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Different kettles of fish: varying patterns of antibiotic use on pig, chicken and fish farms in Lao PDR and implications for antibiotic resistance strategies
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  • Mariline Poupaud,
  • Flavie Goutard,
  • Vannaphone Putthana,
  • facundo munoz,
  • Domingo Caro III,
  • Alessandro Patriarchi,
  • Mathilde Paul
Mariline Poupaud
CIRAD Montpellier-Occitanie

Corresponding Author:[email protected]

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Flavie Goutard
CIRAD Montpellier-Occitanie
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Vannaphone Putthana
National University of Laos Faculty of Agriculture
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facundo munoz
CIRAD Montpellier-Occitanie
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Domingo Caro III
Food and Agriculture Organization of the United Nations Regional Office for Asia and the Pacific
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Alessandro Patriarchi
Food and Agriculture Organization of the United Nations Regional Office for Asia and the Pacific
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Mathilde Paul
Ecole Nationale Veterinaire de Toulouse
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The rapid intensification of the livestock sector in Southeast Asia has been found to be associated with an extensive and expanding use of antibiotics. This raises concerns regarding the rise of drug-resistant bacteria in both animals and humans. Data on veterinary antibiotic use (ABU) and antibiotic resistance (ABR) are scarce in Lao PDR, as in most low and middle-income countries. This study aimed to explore the views of small to medium-scale pig, poultry and fish producers regarding the use of antibiotics. A total of 364 farmers were surveyed using a questionnaire and farm visits. Patterns of knowledge, attitudes and practices regarding ABU and ABR were explored with multiple factor analysis and hierarchical cluster analysis. Farms were assigned to one of three clusters in which specific farmers’ views were overrepresented. Cluster 1 (in which pig farms were overrepresented) held a positive attitude regarding preventive measures and information about antibiotics. In cluster 2 (in which poultry farms were overrepresented), there was a view that antibiotics should be used for disease prevention. Finally, in cluster 3 (in which fish farms were overrepresented), knowledge about ABU and ABR was weak, and ABU was very limited. No specific attitude was under or overrepresented. Farmers mentioned that they were unfamiliar with antibiotics and were uncertain about details concerning ABR (such as whether or not to consume animal products just after they received antibiotic treatment). Farmers from cluster 3 who did not give antibiotics to their animal (90 out of 114) and did not use vaccines (100 out of 114) were overrepresented. A total of 65% (171/263) of the antibiotics found on farms were included on the World Health Organization’s list of critically important antibiotics for human medicine. These critically important antibiotics were mostly found in clusters 1 (57/168, i.e., 33.8% farms had at least one critically important antibiotic) and 2 (63/171, 36.8%). These findings indicate that antibiotic stewardship strategies should tackle the use of critical antibiotics as well prophylactic treatments to prevent antibiotic misuse in small and medium- livestock farms.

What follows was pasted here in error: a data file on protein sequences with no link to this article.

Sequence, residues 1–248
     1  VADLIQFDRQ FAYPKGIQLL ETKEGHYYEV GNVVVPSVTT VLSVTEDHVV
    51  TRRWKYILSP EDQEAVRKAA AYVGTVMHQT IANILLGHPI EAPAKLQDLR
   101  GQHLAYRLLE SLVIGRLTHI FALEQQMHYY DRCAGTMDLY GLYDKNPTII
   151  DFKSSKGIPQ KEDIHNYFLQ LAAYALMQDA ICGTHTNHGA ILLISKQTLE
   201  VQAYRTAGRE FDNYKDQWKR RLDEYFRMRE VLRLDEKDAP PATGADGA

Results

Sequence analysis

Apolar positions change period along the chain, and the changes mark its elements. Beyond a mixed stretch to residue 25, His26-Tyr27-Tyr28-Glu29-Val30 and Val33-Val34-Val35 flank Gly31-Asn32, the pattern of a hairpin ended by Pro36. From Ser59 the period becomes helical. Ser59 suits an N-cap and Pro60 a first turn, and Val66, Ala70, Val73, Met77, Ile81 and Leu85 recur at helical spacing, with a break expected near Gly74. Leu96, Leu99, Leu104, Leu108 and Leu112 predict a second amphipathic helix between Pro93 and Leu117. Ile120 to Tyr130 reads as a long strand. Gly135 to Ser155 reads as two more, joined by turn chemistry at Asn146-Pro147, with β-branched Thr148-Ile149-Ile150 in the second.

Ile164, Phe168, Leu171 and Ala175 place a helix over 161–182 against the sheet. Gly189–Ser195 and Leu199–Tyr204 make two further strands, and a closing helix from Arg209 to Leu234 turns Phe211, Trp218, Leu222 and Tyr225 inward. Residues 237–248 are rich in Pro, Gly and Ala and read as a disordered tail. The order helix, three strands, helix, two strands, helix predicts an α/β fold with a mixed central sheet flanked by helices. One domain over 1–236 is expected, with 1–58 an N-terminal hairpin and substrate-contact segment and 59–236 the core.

17 Mar 2022Submitted to Transboundary and Emerging Diseases
17 Mar 2022Submission Checks Completed
17 Mar 2022Assigned to Editor
21 Mar 2022Reviewer(s) Assigned
03 May 2022Review(s) Completed, Editorial Evaluation Pending
05 May 2022Editorial Decision: Revise Major
31 Aug 20221st Revision Received
02 Sep 2022Submission Checks Completed
02 Sep 2022Assigned to Editor
04 Sep 2022Reviewer(s) Assigned
27 Oct 2022Review(s) Completed, Editorial Evaluation Pending
11 Nov 2022Editorial Decision: Accept